Little Jack was asleep behind me; these are Junior, Swiper, Skipper, and Lisa.  Maggie has settled into her new home, and we hear from her new family regularly.  If you know Schipperkes, you know it's a rare event when five are all lying down and quiet at the same time. Swiper is scheduled for his dental work in about three weeks, and after he recovers from that he will be ready to go to his forever home.  He is a gentle old soul and has been a very easy keeper.

Friday, June 7, 2019

Weekend Steam: U.P. Big Boy 4014 and 844 Double Header, Cheyenne to Rawlins, Wyoming

The restoration of Big Boy 4014 is likely the biggest news that we will ever see in the world of steam.   It's a wonderful thing that we can see videos of great events like this.  Thank You, Merle, for screening videos for us!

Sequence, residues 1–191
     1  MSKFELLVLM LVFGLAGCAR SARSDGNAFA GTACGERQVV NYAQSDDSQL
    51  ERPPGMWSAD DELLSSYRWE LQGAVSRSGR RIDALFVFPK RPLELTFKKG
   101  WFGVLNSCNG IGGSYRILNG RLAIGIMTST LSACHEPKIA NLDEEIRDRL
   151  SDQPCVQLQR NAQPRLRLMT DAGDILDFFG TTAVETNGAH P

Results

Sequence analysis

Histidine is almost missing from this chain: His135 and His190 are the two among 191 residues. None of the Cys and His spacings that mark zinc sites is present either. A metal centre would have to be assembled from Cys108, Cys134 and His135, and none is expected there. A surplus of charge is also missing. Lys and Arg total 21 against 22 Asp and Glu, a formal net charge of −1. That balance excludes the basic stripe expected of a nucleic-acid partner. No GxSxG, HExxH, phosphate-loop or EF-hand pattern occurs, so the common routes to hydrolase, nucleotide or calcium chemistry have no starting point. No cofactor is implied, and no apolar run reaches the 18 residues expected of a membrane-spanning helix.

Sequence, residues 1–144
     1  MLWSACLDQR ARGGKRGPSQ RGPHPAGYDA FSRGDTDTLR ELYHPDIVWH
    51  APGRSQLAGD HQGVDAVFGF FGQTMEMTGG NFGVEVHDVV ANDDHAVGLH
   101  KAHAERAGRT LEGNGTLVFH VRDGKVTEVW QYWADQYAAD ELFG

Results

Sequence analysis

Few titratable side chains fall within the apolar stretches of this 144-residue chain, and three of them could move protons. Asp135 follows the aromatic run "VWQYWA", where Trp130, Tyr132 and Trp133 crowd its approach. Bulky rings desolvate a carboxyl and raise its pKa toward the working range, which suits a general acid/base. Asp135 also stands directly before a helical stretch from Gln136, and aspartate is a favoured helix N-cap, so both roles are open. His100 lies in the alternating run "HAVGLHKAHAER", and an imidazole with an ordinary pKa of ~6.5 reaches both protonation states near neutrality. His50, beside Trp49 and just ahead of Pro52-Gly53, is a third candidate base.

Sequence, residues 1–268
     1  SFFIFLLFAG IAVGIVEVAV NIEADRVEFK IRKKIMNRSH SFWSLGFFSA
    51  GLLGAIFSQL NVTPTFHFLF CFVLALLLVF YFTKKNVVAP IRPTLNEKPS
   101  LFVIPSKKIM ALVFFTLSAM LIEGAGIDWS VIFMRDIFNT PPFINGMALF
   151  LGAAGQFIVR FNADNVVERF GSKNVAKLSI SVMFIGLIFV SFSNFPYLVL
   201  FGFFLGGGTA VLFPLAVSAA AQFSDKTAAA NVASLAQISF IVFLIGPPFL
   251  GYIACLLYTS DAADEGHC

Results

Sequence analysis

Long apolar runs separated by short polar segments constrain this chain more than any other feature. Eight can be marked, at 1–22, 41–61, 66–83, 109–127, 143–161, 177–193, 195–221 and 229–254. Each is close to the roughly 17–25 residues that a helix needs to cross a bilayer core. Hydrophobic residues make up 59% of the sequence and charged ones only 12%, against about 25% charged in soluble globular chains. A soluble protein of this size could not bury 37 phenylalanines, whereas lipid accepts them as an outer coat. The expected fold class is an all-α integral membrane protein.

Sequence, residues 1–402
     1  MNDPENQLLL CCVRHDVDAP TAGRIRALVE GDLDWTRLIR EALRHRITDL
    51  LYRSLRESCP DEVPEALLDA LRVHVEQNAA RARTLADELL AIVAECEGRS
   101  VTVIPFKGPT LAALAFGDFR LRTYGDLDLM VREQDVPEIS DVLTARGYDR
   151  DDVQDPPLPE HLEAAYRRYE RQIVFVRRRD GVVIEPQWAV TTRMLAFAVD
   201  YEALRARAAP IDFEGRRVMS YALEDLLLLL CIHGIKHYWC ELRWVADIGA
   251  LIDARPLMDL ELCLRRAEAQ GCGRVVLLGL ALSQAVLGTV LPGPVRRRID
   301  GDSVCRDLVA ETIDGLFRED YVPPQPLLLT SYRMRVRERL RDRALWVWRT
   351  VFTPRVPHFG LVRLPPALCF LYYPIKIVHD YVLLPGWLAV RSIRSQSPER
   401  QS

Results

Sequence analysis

Thursday, June 6, 2019

Ernie Pyle Walked The Beach 75 Years Ago

I took a walk along the historic coast of Normandy in the country of France. It was a lovely day for strolling along the seashore. Men were sleeping on the sand, some of them sleeping forever. Men were floating in the water, but they didn't know they were in the water, for they were dead.

The water was full of squishy little jellyfish about the size of a man's hand. Millions of them. In the center of each of them was green design exactly like a four-leafed clover. The good-luck emblem. Sure. Hell, yes.

I walked for a mile and a half along the water's edge of our many-miled beach. I walked slowly, for the detail on the beach was infinite.

The wreckage was vast and startling. The awful waste and destruction of war, even aside from the loss of human life, has always been one of its outstanding features to those who are in it. Anything and everything is expendable. And we did expend on our beachhead in Normandy during those first few hours.